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Article
26 June 2002

Internationally Binding Legislation and Litigation for the Enforcement of Labour Rights

Author: Clean Clothes Campaign and IRENE, report on seminar held in Germany

This international seminar brought together lawyers, NGOs and Trade Unions to explore the legal possibilities for holding multinational corporations (MNCs) responsible for labour rights in their operations outside their home countries.

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Article
5 June 2002

Asbestos firm [Cape] warns of claims risk

Author: BBC News

A UK-owned building firm, which has agreed to pay £20m to South African miners over asbestos-related claims, has warned it may suffer further payouts if bankers scupper the deal...Any reopening of the legal battle, which involved a landmark judgement by law lords, could escalate Cape's losses related to the claim, the firm warned.

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Article
22 May 2002

36 asbestos claims cite Gencor as a defendant [South Africa]

Author: Ronnie Morris, Business Report [South Africa]

Summonses on behalf of 36 former asbestos workers were issued in the Johannesburg high court yesterday against four mining companies [African Chrysotile Asbestos, Msauli Asbes, Gencor and Hanova Mining]...for damages amounting to R25 million for asbestos-related illnesses.

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Article
16 May 2002

Asbestos victims win landmark case [UK]

Author: BBC News

Three people affected by asbestos cancer have won a groundbreaking case for compensation in the House of Lords...They were appealing against previous rulings by the Court of Appeal and the High Court denying them compensation on the basis that they were exposed to the deadly dust by more than one employer...Most victims of illnesses associated with the deadly dust come from areas linked to heavy industries such as shipbuilding and engineering.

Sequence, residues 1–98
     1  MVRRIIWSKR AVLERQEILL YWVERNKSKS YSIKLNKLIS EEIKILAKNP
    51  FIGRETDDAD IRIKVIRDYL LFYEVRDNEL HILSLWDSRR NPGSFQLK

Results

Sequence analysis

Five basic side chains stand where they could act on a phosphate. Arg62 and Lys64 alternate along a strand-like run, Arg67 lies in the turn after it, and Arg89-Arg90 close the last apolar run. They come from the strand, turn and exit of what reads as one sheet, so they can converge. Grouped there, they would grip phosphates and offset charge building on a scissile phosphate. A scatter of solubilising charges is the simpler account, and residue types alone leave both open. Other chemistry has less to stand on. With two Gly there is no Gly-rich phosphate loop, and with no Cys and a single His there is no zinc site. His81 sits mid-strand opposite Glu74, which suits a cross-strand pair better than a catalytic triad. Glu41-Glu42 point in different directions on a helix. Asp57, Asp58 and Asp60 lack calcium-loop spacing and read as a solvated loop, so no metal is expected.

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Article
23 April 2002

Justice sought for workers suffering from asbestosis [South Africa]

Author: Sanchia Temkin, Business Day [South Africa]

[regarding trust fund for victims of Cape plc]

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Article
19 April 2002

Lifting the corporate veil

Author: Richard Meeran, British attorney who acted successfully for South African asbestosis victims against Cape Plc, in Mail & Guardian [South Africa]

A legally binding convention that is enforceable in practice needs to be formulated to ensure proper multinational accountability, capturing the supply-chain, not just subsidiaries. This convention must be applied internationally and, in a development of international law, apply to corporations as well as states.

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Article
15 January 2002

Asbestosis victims take Gefco to court in quest for justice [South Africa]

Author: Ronnie Morris, Business Report [South Africa]

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Article
14 January 2002

Gefco faces potential lawsuit landslide

Author: Ronnie Morris, Business Report [South Africa]

The first of possibly several hundred summonses for damages against Griqualand Exploration and Finance Company (Gefco), a Gencor subsidiary, for asbestos-related illnesses was issued by the high court in Johannesburg last week.

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Article
12 January 2002

UK payout for asbestosis victims

Author: Brendan Seery, Independent [South Africa]

British-based multinational Cape plc is expected to pay a first tranche of £21-million (about R336-million) in June to a trust set up to aid sufferers from asbestos-related diseases in South Africa.